Fine Gael has been forced into a massive security plan amid fears that thousands could disrupt this weekend's Ard Fheis.
The conference opened last night with an address by party leader Enda Kenny.
He said his Government had made "a solid start, but we have a long way to go".
A small but vocal group of protesters -- objecting to cuts in school funding and Anglo Irish Bank repayments -- gathered outside the Convention Centre before the Taoiseach's arrival at the first Fine Gael Ard Fheis since since entering government.
Gardai maintained a very visible presence to ensure that the north quays were kept open to rush hour traffic.
Mr Kenny arrived to a chorus of cheers and in his opening address told the audience that he was glad to report "that our partnership Government is working very well with a shared commitment to delivering our Programme for Government".
He told party members to enjoy their weekend "but don't overdo it".
He added: "Let us always be conscious of the huge responsibility that has been given to us and our partners."
He urged a yes vote in the upcoming referendum on the European Fiscal Treaty.
"The issue at stake in this referendum is straightforward: will we do what is needed to keep getting jobs back and get Ireland working?"
Fine Gael got a surprise opinion poll boost as the Ard Fheis opened with a Red C poll put its support up 1pc, to 35pc.
Labour was down 1pc to 16pc, Fianna Fail down 1pc to 15pc and Sinn Fein down a significant 4pc to drop below Fianna Fail on 14pc.
Fine Gael -- which is spending around €250,000 on the glitzy "celebration" this weekend -- is ensuring that there are no obstacles for members. A free creche has been provided.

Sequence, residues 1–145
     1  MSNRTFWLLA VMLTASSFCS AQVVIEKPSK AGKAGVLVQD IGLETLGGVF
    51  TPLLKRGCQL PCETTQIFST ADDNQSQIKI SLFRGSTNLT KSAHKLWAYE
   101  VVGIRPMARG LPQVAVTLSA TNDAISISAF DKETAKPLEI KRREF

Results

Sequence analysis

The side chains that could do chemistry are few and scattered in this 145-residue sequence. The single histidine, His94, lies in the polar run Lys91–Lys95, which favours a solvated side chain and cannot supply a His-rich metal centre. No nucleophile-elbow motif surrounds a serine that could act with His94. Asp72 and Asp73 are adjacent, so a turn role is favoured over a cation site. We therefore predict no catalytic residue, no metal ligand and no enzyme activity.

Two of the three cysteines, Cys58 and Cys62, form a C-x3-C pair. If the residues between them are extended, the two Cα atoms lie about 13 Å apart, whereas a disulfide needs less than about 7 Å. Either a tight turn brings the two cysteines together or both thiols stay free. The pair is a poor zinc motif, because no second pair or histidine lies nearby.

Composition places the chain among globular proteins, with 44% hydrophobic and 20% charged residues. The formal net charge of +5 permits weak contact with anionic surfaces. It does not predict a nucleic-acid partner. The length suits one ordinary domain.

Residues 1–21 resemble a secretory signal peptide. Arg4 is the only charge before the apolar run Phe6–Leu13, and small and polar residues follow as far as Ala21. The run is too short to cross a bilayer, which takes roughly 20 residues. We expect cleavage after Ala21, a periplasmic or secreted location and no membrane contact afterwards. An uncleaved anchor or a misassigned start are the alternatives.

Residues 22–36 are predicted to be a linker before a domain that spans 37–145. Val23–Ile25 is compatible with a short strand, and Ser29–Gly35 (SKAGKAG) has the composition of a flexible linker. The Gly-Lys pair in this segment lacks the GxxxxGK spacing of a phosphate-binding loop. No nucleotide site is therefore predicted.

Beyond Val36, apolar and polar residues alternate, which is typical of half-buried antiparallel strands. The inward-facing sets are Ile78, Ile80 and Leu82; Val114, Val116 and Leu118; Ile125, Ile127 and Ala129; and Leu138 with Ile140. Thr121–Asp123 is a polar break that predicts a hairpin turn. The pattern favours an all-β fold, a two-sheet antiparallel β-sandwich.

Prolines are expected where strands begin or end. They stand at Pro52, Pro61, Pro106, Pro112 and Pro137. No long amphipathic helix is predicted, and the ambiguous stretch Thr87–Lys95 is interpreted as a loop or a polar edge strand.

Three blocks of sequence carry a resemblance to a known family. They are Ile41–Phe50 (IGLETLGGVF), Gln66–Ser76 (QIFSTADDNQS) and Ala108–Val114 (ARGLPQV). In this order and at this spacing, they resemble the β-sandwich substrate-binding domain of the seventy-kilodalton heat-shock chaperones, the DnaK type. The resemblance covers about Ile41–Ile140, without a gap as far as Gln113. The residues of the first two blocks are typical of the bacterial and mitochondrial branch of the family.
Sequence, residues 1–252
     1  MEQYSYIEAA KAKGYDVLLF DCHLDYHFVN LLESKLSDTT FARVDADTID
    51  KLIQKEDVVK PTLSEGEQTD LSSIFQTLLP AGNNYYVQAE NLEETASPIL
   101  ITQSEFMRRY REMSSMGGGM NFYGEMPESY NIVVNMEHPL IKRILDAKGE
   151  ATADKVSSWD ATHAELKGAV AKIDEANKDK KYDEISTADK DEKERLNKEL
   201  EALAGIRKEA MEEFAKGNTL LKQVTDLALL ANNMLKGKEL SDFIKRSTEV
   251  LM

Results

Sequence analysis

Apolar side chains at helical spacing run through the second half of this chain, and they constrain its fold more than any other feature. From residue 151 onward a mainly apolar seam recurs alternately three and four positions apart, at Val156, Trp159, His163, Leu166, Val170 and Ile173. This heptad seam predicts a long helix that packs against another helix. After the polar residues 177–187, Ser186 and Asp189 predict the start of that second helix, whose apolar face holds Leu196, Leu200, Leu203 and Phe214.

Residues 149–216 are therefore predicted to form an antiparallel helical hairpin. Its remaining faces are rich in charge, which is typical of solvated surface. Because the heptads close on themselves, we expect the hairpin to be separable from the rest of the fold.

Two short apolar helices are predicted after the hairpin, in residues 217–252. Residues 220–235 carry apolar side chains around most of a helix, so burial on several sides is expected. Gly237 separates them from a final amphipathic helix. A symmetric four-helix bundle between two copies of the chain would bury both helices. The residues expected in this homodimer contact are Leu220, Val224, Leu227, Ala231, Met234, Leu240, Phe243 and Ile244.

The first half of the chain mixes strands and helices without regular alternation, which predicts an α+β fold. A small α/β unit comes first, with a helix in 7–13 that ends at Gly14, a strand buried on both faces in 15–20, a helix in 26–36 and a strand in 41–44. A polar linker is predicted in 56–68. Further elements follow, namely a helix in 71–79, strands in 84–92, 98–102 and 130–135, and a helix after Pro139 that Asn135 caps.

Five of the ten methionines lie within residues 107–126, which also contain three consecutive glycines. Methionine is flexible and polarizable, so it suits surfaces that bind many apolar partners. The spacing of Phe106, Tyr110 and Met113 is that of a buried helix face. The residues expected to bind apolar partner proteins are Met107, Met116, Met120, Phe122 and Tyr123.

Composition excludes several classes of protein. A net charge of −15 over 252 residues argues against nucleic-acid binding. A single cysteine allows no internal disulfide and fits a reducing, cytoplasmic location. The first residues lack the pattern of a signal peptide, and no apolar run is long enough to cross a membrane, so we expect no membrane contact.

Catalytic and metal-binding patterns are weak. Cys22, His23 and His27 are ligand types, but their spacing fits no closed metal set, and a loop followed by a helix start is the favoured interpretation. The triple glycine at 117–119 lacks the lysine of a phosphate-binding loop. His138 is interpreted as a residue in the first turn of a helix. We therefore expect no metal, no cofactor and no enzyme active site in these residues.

Sources told the Herald that the hiring of the massive venue alone, including VAT, will cost in excess of €150,000.
The party will stump up thousands more on catering, security, branding, services for journalists and exhibitors. "There won't be much change out of €250,000," said an informed source.
In a letter to members, Fine Gael headquarters said "this is a time of celebration for us".
Fianna Fail's Dublin spokesman Darragh O'Brien told the Herald: "I would have thought that after their Party in the Park had to be cancelled, Fine Gael would have got the message that the Irish public really aren't in the mood for expensive triumphalism.
"It seems that after a year as cock-of-the-walk, Fine Gael have the money and the power and they want to make sure that everyone knows it."
However, a Fine Gael spokesman hit back saying: "Inevitably people are gathering from all over the country.
"This is a celebration for members but not necessarily for our members of the Oireachtas."